News has spread far and wide of the octuplets born to Nadya Suleman at the Kaiser Permanente Medical Center in California.

In one sense, their birth and continued life is a “miracle,” as they made it to 30 weeks gestation, about 8 weeks past the threshold of viability and about 4 weeks past the point at which serious mortality or morbidity are more likely than not. Importantly, the octuplets have made it through their first week of life (sometimes referred to as the “honeymoon” period in neonatal intensive care units) without having any serious complications, like higher-grade intraventricular hemorrhages ("IVH"), a.k.a. “brain bleeds.”

Yet, it was a completely avoidable “miracle,” the same as if Captain Sully on U.S. Airways Flight 1549 had intentionally landed on the Hudson River. Multiple pregnancies are inherently high risk, with the risks increasing exponentially with each new fetus in higher order multiples. Twins are more than twice as dangerous as singletons; triplets are more than one-and-a-half times as dangerous as twins, and on and on.

These risks are well known and accepted within the international medical community, which is why some countries, like as Belgium, prohibit in vitro fertilization of more than one embryo at a time, while others, like Sweden, impose financial disincentives against the practice. Sweden’s national healthcare system covers an unlimited number of single-embryo IVF treatments but only four multiple embryos IVF treatments. Here in the United States, embryo transfers are not regulated by the government, but there are professional guidelines.

The Practice Committee of the Society for Assisted Reproductive Technology ("SART") and the Practice Committee of the American Society for Reproductive Medicine ("ASRM") produced a joint Guidelines on number of embryos transferred, which, for the 33-year-old Nadia Suleman, holds:

For patients under the age of 35 who have a more favorable prognosis, consideration should be given to transferring only a single embryo. All others in this age group should have no more than 2 embryos (cleavage-stage or blastocyst) transferred in the absence of extraordinary circumstances.

Ms. Suleman certainly had a “more favorable prognosis” considering that she had six prior children, all of them through IVF.

Which brings us to the medical malpractice: what on earth was their doctor doing?

Some have speculated that the octuplets simple couldn’t have come from IVF, since it’s so far outside the guidelines, but everything we know from Kaiser Permanente tells us that’s exactly what happened. Perhaps most troubling:

According to [Suleman’s mother’s] account, when her daughter discovered that she was expecting multiple babies, doctors gave her the option of selectively reducing the number of embryos, but she declined.

"Discovered?" She didn’t expect multiples from eight embryos?

It’s hard to overstate how foolish, reckless and irresponsible it is for any physician to transfer eight embryos in IVF, particularly to a young and healthy mother with a history of successful pregnancies. The Suleman octuplets have become celebrities precisely because of the rarity of their situation – which is not over by any means – since, in the past, every octuplet pregnancy in the United States has resulted either in miscarriages (frequently miscarriage of all the embryos) or the death of at least one of the neonates, possibly more.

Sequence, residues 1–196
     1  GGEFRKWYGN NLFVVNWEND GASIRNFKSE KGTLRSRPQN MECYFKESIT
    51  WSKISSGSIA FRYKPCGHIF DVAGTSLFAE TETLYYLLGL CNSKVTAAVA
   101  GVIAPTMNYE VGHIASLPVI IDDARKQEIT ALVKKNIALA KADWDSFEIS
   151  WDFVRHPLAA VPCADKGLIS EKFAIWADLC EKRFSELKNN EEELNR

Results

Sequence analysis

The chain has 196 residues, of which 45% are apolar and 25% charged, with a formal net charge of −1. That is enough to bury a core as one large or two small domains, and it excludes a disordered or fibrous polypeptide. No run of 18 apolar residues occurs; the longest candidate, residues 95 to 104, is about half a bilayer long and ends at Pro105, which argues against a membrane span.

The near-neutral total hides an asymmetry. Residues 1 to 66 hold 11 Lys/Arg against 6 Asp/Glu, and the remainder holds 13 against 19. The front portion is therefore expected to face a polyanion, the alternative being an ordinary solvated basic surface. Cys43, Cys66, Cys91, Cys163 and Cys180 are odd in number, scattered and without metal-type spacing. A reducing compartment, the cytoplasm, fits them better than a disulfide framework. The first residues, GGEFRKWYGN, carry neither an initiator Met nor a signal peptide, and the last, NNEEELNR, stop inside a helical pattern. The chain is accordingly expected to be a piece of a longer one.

The procedure itself was reckless; to have done it without the patient’s informed consent was unconscionable.

Tomorrow we’ll talk about the law.

To raise a couple points now, every jurisdiction I know of, following the seminal New York case Becker v. Schwartz, prohibits the claim for "wrongful life," based in part upon the idea that the law is simply incompetent to calculate the "damages" that arise as a result of being born or born with a disability as compared to never existing in the first place. Parker v. Chessin, mod. sub nom. Becker v. Schwartz, 46 N.Y.2d 401, 413 N.Y.S.2d 895, 386 N.E.2d 807 (1978).

But that’s not really the issue here. In contrast to a "wrongful life" claim, where the person born claims they should not have been, the octuplets born here can claim that while they should have been born, one or more of the other octuplets should not have been, and that each was put in danger by the others. That may become important soon — while the first week is over without any apparent birth injury, the first month and first two years, both important milestones, are not. If it turns out that any of the octuplets has, say, bronchopulmonary dysplasia or cerebral palsy, it can hardly be said that the damages of having BPD or CP due to placental insufficiency and being born premature are philosophically impossible to calculate.

And then we’ll get to the mother’s claims; can she, for example, recover the cost of raising seven additional children?

[Continued at Part 2, see also Can a Patient Consent to Medical Malpractice? (A Followup on the Octuplets)]